Teaming together for a variety of films from the late ‘90s to the present day, the Frat Pack’s best films can be found in the 2000s, as seen with movies like Zoolander, Old School, Anchorman, and Wedding Crashers – four of the decade’s absolute best comedies.

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Sports: Rocky (1976)

Rocky
Image Credit: Metro-Goldwyn-Mayer Studios Inc.

Earlier this month, the world bid farewell to the iconic actor Carl Weathers. An unparalleled performer who oozed charisma in any and every project he appeared in, Weathers’ most famous role came with the 1976 sports classic, Rocky.

As he grapples over his faltering career, an underdog boxer in Philadelphia (Sylvester Stallone) vigorously trains for an upcoming bout against the heavyweight champion (Weathers).

Though Weathers hands in some fantastic performances with later projects like Predator, Arrested Development, and The Mandalorian, the actor remains well-known for his performance as Apollo Creed–the uber confidant arch-enemy to Stallone’s up-and-coming boxer in the Rocky universe.

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Elevated Horror: Midsommar (2019)

Florence Pugh in Midsommar.
Image Credit: A24.

If ever you needed proof that A24 holds a taut monopoly over the horror genre, just look at some of the studio’s most recent films–including Talk to Me, Pearl, X, or 2019’s folk horror film, Midsommar.

After a sudden tragedy up-ends her life, a young woman (Florence Pugh) agrees to attend a strange pagan festival in Sweden with her emotionally distant boyfriend (Jack Reynor) and his two friends (Will Poulter and William Jackson Harper).

A disorienting psychological horror film that merges the magical splendor of The Wizard of Oz with the cult premise of The Wicker Man, Midsommar is a movie able to disgust, intrigue, and enrapture viewers the moment they hit play.

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Animated: The Peanuts Movie (2015)

Bill Melendez and Noah Schnapp in The Peanuts Movie (2015)
Image Credit: 20th Century Fox.

Virtually everyone knows the lovable cartoon band known as the Peanuts. Originally created by comic strip writer Charles M. Schultz, the Peanuts soon found their way into several television specials and, more recently, a 2015 animated family movie.

As the downtrodden Charlie Brown (Noah Schnapp) works out ways to impress his mysterious crush (Francesca Angelucci Capaldi), his mischievous dog Snoopy writes an ambitious novel about his attempts to save his own love interest from the villainous Red Baron.

Keeping in line with the cozy warmth of the original comics, The Peanuts Movie is guaranteed to entertain viewers completely unfamiliar with the series and more nostalgic fans alike. A smart, funny, and creative children’s movie, it's also the perfect homage to Schultz’ famed comic strip characters.

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Biopic: Snowden (2016)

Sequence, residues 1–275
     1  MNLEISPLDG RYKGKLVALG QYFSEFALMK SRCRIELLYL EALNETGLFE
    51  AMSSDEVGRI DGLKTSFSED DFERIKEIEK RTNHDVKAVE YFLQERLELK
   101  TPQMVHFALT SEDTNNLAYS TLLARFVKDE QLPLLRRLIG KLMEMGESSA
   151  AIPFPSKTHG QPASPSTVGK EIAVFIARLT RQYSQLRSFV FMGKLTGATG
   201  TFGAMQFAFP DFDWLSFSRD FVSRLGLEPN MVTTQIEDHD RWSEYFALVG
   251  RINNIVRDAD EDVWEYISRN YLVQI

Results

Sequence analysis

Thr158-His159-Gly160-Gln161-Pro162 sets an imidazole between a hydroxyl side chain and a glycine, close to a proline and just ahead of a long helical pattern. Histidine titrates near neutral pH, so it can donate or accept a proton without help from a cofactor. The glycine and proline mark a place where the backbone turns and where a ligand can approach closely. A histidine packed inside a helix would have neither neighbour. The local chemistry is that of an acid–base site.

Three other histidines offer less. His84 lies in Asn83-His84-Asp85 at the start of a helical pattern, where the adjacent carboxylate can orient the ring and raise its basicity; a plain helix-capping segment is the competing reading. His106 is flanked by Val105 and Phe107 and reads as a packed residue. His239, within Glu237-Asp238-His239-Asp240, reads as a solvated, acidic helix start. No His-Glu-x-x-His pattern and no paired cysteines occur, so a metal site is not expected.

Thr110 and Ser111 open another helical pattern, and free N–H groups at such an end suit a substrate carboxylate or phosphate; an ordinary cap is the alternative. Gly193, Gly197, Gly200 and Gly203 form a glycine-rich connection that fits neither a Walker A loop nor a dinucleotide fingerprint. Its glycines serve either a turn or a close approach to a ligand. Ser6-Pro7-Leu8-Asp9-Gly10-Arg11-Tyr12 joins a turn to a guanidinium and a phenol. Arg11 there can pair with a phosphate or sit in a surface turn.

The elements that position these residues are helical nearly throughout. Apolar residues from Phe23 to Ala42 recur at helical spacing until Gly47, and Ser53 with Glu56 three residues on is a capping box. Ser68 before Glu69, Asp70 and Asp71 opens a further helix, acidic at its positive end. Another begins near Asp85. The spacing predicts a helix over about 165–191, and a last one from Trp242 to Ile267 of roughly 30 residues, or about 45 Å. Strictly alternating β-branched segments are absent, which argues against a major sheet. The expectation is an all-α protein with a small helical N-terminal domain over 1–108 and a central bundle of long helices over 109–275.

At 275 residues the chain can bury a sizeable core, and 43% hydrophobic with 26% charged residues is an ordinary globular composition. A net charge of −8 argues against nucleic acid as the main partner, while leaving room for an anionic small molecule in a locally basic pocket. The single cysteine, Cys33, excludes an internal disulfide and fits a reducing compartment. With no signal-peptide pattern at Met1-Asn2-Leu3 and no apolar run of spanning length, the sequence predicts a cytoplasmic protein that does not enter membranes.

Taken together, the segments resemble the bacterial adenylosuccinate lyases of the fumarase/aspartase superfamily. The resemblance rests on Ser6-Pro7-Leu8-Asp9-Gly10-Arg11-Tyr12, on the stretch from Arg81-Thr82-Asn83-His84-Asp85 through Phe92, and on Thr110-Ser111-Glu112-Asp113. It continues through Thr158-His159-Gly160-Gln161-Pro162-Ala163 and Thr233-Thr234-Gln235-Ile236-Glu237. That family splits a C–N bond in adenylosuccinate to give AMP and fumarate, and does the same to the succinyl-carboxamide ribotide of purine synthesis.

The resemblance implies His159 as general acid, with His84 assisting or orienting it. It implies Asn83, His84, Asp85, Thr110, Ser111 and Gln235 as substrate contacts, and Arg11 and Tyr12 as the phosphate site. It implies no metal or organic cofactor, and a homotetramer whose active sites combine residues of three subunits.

snowden
Image Credit: Open Road Films.

In the early 2010s, N.S.A. worker Edward Snowden (Joseph Gordon Levitt) uncovers disturbing information about his organization’s past surveillance operations, leading him to leak said information to the press.

In 2013, American computer intelligence expert Edward Snowden unleashed a vast storm of classified secrets related to U.S. intelligence, launching renewed discussions about U.S. security and individual’s rights to privacy.

A controversial figure among contemporary Americans, Snowden’s story forms the basis of Oliver Stone’s 2016 biographical film. A thought-provoking political thriller, it forces viewers to formulate their own individual opinions on Snowden’s actions, as well as the government’s right to spy on average citizens.

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Family: The Lego Movie (2014)

The Lego Movie (2014)
Image Credit: Warner Bros.

One of the absolute best family films of the 21st century yet, The Lego Movie was–in many ways–the original Barbie of the 2010s. Using its famed toy line counterpart as its source material, the movie’s utilization of Lego ensured a movie of immense creative possibilities.

Uncovering a high-level conspiracy orchestrated by the evil Lord Business (Will Ferrell), an ordinary construction worker in the Lego universe (Chris Pratt) attempts to fulfill his destiny as the “Special,” protecting his world from harm.

The children’s equivalent to The Matrix films, The Lego Movie excels at weaving together meticulous references and cameos from pre-existing Lego lines, incorporating everything from Star Wars and Lord of the Rings to Marvel and the Wizarding World of Harry Potter.

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Black & White: Citizen Kane (1941)

Citizen Kane
Image Credit: RKO Pictures.

Returning to Max this month is arguably the most famous American film ever made. A landmark achievement in narrative and technical filmmaking, Citizen Kane remains required viewing for most movie fans across the globe, having garnered the same iconic status as its contemporaries in Casablanca or Gone with the Wind.

After the death of influential newspaper mogul Charles Foster Kane (Orson Welles), an investigative reporter (William Alland) interviews Kane’s estranged friends and family members to learn the meaning behind his enigmatic last words.